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Active dogs have less fear

A new study from the University of Helsinki has demonstrated that active dogs are less afraid of the world. A behavioral survey of nearly 14,000 dogs revealed that non-social fears among dogs are related to their living environment, lifestyle, and breed.

Noise sensitivity, fear of new situations, and fear of heights are common behavioral issues for dogs. The new research has shown that active dogs who were well-trained as puppies are less likely to exhibit these types of fears.

“Physical exercise has been shown to have a positive effect on the mood in both dogs and humans,” said study co-author Emma Hakanen. “As social animals, dogs enjoy doing things with their owners. At the same time, people do not necessarily wish to subject fearful dogs to training situations that are stressful for them. This can also make owners less inclined to train with their dog.”

The survey responses indicated that puppies who were not sufficiently socialized and introduced to new environments were much more likely to be afraid of loud noises, unfamiliar situations, and various walking surfaces.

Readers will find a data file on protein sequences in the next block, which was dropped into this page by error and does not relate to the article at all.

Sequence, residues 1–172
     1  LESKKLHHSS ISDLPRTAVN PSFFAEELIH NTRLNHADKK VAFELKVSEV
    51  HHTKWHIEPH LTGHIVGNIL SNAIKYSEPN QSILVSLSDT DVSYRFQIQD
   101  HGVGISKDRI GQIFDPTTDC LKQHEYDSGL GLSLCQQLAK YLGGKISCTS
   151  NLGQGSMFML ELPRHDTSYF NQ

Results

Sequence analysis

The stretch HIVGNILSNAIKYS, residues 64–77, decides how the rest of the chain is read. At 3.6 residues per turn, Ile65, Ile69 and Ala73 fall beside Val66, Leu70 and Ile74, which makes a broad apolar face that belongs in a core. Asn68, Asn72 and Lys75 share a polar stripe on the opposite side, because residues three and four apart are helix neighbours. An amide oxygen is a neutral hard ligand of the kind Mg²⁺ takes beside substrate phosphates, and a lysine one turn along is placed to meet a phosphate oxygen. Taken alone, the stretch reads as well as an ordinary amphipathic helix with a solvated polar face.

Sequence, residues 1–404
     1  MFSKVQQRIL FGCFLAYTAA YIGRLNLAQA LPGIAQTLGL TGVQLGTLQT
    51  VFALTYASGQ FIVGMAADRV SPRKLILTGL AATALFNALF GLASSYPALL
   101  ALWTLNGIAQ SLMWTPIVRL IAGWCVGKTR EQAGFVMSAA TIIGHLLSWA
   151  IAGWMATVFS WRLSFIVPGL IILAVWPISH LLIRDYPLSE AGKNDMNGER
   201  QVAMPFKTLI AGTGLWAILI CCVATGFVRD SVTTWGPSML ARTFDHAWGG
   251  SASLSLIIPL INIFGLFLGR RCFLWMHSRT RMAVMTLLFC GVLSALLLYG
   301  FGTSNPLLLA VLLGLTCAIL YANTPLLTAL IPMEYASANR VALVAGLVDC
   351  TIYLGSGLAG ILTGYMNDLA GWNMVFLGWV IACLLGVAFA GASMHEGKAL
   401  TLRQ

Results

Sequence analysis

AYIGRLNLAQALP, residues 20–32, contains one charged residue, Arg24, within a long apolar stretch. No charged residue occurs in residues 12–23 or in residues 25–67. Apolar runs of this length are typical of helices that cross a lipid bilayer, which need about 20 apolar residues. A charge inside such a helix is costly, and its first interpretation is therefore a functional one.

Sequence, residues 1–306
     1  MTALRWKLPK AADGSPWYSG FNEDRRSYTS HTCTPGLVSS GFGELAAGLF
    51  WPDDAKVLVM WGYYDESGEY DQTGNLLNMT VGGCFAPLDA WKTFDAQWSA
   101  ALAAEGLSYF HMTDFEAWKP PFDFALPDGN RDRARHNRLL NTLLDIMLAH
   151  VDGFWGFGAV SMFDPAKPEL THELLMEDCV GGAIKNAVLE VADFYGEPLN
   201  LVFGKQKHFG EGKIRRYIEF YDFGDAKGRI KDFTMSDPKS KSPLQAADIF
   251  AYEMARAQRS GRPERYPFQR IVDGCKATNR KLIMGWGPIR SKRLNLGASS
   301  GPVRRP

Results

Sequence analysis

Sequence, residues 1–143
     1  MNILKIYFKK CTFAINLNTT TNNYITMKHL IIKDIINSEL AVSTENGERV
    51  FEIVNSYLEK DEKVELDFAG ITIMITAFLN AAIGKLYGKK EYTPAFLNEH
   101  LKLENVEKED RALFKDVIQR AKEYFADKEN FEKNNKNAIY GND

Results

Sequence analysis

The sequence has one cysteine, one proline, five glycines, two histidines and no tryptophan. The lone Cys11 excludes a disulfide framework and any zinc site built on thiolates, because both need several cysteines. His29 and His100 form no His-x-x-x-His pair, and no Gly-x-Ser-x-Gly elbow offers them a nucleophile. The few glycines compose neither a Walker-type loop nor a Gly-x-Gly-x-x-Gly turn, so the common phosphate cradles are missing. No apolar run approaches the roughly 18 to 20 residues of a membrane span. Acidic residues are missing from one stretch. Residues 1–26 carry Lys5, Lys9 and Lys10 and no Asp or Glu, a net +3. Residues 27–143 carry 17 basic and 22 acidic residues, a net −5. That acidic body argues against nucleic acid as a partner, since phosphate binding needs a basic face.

The fear of fireworks and walking surfaces was most prevalent among dogs who belonged to first-time owners, and there were differences between dogs who lived in the country and the city.

Study lead author Hannes Lohi is a professor of Veterinary Medicine at the University of Helsinki. The research is part of Professor Lohi’s Academy of Finland project, which investigates the environmental and genetic factors that influence canine behavior.

“Our prior research on the environmental effects of social fear observed the same phenomena where urban dogs were more fearful than their rural counterparts,” said Professor Logo. 

“Indeed, it is interesting that human mental health problems too occur more frequently in the city than in rural areas. The ways in which our environment shapes us and our best friend is definitely an interesting topic for further research.”

The investigation confirmed the findings of previous studies that fearfulness is most common in sterilized females and small dogs. Fearfulness was found to vary substantially across different dog breeds. Cairn Terriers ranked among the most fearful breeds and Chinese Crested Dogs ranked among the least fearful.

“The breed-specific differences support the idea that fearfulness is inherited. In other words, breeding choices matter, even without knowing the exact mechanisms of inheritance,” said Professor Logo. 

“However, this study offers dog owners tools and support for previous notions related to improving the wellbeing of their dogs. Diverse socialization in puppyhood and an active lifestyle can significantly reduce social and non-social fearfulness.”

The study is published in the journal Scientific Reports.

By Chrissy Sexton, Staff Writer


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